So while there are many out there who I am sure will disagree with me, I just feel that I can’t dance in the streets over a person’s death. It would put me on the same level as Osama bin Laden, and I know that I am not even remotely like him.

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A True Champion

American Dreams can fade away, but for someone born on the Fourth of July, I think they have no chance but to carve a niche in society. George M. Steinbrenner III died Tuesday, July 13, 2010 at the age of 80.

Being a life-long Yankee fan, I’ve had my own personal relationship with the man as well as every other Yankee fan. There were times I cursed him, (how could you tell Donnie Baseball to cut his hair,) times that I agreed with him, (I’m glad he made Randy Johnson cut his hair). There were good times (the late 90s) and bad times (most of the 1980s). But through all the times, he was the Boss. Even when the Yanks were down, you knew Ol’ George had something up his sleeve to change the team around. Also, you knew at any moment he could step in and ruin a good thing. He kept you on edge, on your toes. You always knew where you stood with him because there was only one outcome expected, to win. Not get in the playoffs, or win the division, but to win the World Series.

George Steinbrenner changed baseball. It’s as simple as that; he changed baseball. To this day, when teams complain about the money the Yankees spend, why don’t those teams open up the purse strings like George did and get some talent. You have to spend money to make money.  It’s easy, start spending, get the talent in the door, the fans will come and if you keep winning, you will not only have a good year or two, but a franchise, and maybe even some day, a dynasty. He also changed the way we watch baseball. He went to a cable network (MSG) when everyone else was floundering to make money off of people watching the game. Then he realized how much money he could make off of it and created his own network, the YES Network. More money means more talent. More talent means winning which leads to World Series rings, which means more money for more talent. He was the first to figure out how you build a franchise and a dynasty in today’s free agent market.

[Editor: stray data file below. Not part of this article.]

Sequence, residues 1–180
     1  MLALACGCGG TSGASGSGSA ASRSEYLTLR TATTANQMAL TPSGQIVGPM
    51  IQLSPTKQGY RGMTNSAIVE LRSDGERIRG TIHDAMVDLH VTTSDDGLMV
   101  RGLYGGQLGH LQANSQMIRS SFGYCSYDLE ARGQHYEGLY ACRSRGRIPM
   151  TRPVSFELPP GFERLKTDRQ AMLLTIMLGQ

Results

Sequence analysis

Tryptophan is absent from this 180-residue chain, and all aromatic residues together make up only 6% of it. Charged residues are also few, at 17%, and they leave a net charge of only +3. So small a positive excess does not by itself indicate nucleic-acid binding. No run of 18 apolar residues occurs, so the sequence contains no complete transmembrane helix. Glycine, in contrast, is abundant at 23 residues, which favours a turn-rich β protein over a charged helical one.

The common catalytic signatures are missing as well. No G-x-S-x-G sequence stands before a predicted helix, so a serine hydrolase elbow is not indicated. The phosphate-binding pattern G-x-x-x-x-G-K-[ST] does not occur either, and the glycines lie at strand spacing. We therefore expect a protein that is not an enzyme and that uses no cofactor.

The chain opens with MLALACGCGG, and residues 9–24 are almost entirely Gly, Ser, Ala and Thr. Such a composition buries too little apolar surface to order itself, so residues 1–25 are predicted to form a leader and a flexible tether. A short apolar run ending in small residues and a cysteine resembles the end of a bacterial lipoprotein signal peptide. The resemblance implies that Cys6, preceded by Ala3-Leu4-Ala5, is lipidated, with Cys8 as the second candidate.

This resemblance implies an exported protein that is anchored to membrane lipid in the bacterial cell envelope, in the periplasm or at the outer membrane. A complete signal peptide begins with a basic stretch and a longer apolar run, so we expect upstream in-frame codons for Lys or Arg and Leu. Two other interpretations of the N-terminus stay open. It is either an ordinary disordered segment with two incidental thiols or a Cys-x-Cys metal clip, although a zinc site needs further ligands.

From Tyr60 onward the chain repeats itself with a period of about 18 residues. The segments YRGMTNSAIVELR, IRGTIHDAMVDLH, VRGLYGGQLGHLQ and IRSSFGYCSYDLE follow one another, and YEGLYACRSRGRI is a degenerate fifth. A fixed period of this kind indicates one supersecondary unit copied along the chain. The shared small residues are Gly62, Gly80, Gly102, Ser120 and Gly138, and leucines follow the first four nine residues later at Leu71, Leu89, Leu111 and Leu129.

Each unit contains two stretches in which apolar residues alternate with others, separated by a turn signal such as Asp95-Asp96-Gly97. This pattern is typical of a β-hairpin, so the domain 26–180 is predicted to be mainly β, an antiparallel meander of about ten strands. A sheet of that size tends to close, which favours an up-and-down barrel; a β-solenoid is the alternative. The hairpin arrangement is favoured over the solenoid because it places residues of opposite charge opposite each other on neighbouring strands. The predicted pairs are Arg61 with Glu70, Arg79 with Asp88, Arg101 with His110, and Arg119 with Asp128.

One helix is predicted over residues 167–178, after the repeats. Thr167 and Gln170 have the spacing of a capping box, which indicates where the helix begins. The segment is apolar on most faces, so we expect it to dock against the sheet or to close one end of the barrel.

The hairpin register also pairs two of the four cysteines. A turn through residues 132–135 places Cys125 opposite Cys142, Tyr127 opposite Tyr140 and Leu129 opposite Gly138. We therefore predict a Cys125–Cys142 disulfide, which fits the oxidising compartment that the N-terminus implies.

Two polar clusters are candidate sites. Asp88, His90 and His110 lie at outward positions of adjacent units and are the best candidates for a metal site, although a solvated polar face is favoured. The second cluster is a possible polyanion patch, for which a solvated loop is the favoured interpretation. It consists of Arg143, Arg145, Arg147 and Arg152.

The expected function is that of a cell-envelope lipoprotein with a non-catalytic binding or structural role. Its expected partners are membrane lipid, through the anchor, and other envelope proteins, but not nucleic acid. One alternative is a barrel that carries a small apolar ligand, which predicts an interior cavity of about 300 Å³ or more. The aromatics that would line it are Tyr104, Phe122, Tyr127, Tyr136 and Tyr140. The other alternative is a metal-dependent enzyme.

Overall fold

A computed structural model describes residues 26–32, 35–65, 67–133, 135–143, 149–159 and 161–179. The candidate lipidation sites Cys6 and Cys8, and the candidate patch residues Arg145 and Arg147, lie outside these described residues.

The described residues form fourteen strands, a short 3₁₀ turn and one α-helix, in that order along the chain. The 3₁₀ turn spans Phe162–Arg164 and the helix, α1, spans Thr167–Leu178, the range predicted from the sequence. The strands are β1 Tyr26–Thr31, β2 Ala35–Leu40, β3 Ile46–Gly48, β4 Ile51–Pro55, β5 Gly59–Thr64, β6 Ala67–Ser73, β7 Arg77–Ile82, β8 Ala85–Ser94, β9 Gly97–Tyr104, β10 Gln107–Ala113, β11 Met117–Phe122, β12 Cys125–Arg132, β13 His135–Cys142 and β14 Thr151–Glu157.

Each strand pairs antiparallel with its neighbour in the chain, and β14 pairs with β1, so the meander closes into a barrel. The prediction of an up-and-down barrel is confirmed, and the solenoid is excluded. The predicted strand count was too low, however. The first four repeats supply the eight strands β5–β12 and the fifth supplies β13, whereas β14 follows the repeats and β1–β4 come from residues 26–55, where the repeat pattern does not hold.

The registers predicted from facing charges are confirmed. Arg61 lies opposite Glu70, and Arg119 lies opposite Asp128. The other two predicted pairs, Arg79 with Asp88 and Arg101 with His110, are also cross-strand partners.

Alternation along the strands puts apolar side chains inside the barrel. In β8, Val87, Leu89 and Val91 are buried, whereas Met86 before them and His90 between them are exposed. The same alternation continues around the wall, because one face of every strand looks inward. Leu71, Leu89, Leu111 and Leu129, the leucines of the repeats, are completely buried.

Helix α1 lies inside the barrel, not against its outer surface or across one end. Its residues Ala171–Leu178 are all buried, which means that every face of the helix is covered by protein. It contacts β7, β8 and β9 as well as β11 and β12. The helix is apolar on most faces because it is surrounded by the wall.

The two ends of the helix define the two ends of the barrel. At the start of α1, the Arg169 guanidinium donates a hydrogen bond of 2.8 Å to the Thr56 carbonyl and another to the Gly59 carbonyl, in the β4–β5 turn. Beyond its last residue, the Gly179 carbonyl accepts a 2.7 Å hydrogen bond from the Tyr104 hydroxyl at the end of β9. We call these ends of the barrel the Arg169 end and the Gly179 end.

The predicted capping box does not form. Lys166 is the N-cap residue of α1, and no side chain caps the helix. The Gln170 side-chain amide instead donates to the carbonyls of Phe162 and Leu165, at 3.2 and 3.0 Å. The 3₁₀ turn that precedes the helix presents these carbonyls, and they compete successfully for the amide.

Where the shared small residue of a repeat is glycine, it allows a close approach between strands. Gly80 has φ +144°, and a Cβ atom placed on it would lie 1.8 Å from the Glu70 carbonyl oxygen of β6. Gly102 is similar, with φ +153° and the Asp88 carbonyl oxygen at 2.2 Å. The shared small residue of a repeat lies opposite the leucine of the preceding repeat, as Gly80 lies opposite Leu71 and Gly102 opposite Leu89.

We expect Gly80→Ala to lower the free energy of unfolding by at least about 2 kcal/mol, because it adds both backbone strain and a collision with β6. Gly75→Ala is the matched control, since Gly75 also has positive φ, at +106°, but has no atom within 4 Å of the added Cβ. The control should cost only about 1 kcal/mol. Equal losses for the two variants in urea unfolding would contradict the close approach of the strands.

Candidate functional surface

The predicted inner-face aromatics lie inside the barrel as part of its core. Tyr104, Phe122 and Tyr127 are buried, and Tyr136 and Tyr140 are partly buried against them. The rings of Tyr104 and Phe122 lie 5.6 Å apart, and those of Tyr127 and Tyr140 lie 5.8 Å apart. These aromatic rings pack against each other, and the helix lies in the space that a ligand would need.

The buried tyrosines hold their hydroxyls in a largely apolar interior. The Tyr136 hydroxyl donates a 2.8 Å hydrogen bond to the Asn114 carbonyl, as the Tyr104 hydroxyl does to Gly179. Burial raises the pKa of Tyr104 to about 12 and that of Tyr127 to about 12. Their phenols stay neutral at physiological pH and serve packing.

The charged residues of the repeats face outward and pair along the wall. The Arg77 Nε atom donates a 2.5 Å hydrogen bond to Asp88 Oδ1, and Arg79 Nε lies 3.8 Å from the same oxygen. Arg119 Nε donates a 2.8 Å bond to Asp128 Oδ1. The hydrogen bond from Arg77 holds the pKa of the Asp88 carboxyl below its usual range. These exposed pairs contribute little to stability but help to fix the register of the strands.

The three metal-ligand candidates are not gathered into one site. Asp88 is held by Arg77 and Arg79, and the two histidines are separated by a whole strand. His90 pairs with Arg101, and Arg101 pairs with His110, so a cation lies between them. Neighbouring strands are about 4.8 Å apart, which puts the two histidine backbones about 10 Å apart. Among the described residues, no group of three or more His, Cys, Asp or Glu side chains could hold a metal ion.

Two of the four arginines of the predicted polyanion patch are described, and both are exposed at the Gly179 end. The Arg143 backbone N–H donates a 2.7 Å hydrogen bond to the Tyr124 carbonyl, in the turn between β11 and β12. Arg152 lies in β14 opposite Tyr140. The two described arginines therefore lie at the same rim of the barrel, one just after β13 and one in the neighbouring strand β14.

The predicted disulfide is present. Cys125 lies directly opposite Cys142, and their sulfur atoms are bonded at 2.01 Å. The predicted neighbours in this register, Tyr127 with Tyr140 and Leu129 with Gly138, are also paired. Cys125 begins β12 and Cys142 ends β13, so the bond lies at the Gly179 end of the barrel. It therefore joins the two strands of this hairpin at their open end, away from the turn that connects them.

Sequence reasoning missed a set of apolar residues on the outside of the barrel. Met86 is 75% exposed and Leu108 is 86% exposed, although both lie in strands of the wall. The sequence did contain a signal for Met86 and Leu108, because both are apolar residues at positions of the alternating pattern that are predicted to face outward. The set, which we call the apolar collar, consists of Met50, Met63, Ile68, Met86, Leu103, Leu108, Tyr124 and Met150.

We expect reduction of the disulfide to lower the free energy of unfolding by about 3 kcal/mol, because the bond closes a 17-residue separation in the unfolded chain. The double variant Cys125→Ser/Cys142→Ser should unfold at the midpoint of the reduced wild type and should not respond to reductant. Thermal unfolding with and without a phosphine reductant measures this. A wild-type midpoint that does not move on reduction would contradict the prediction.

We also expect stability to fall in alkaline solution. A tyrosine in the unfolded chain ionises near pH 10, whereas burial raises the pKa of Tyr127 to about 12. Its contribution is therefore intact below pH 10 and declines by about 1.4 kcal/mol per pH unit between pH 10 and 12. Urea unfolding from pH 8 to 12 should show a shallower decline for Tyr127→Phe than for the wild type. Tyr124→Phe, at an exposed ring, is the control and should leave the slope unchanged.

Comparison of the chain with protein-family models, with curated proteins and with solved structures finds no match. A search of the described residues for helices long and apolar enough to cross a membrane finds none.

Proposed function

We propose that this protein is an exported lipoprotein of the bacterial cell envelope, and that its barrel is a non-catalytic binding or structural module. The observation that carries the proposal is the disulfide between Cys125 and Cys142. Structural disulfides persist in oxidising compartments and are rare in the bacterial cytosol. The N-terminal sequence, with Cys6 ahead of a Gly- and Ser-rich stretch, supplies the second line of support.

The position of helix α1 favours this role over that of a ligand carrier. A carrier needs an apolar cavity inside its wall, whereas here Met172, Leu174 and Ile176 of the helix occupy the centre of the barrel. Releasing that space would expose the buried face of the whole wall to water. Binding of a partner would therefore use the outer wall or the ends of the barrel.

On Seinfeld, they made Steinbrenner a character. Even before George Costanza was working for the New York Yankees, there is a very early episode where Kramer comes into Jerry’s apartment and throws down the paper claiming, “Steinbrenner, he’s ruining my life!” I’m almost positive every single person in the Yankee organization, as well as every single fan has claimed this at one point or another. I know I did. But, it showed you something about the man; he had heart. He cared about the Yankees, knew the winning tradition behind the pinstripes and wanted to keep that tradition going at any cost. Sometimes it cost him money for a free agent; sometimes it cost him fans cursing his name because he didn’t have the patience for a guy to turn his season around. It didn’t matter to Steinbrenner, because there was only one thing he wanted, to win.

George Steinbrenner went out a champion. The Yankees won their 28th World Series in 2009 in their brand new stadium. The first stadium was the house that Ruth built. The new stadium is the house that George built. I find it fitting that both men share the same name: George. We will miss you George, you always gave it your all, and you expected the same from everyone else. That’s why you will always be the Boss.

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You Say You Want A Revolution

The revolutionary movement began as a defense of the status quo. All the colonists were asking for in their first protests were the continuance of their traditional right as English subjects to consent to their own taxes. Had Britain pulled back at nearly any point before 1775, the resistance would have died away.

Was it possible for a revolution that began so conservatively to cause significant changes in society once it reached full flood? The conservative revolution became radical as conflict with the imperial government compelled the colonists to search to the roots of their allegiance. As the government became increasingly oppressive, the colonists had to ask why they obeyed at all. Thomas Jefferson summed up a decade of thought in the Declaration of Independence when he wrote about “equality” and “inalienable rights.” When a government fails in its duty to protect those rights, the people may organize a new government. It was a simple line of thought, but unlike the initial protest against parliamentary taxation, the thinking was radical.

The United States began as a lonely democratic experiment in a world of monarchies. The Founders could take courage, however, from the interest of advanced political thinkers throughout the civilized world. The United States came into existence in an age when hopes were high that tyranny could be overthrown and rational government based on liberty and equality were established in its place. In fact, the monarchies of Europe were not toppling; they seemed to be growing stronger.

So on this Fourth of July weekend, while you are having a fun time at the beach or in the backyard, remember that there were a group of men that had ideals that we live upon till today. They didn’t always do the right thing, but they left loopholes in what they did so that future generations could fix their mistakes. That’s how smart they were; they based this country on the fact that they knew they didn’t know everything. To have that vision, that’s the vision this country is founded on, to look forward and move forward and to try and be the best possible.

Happy Independence Day.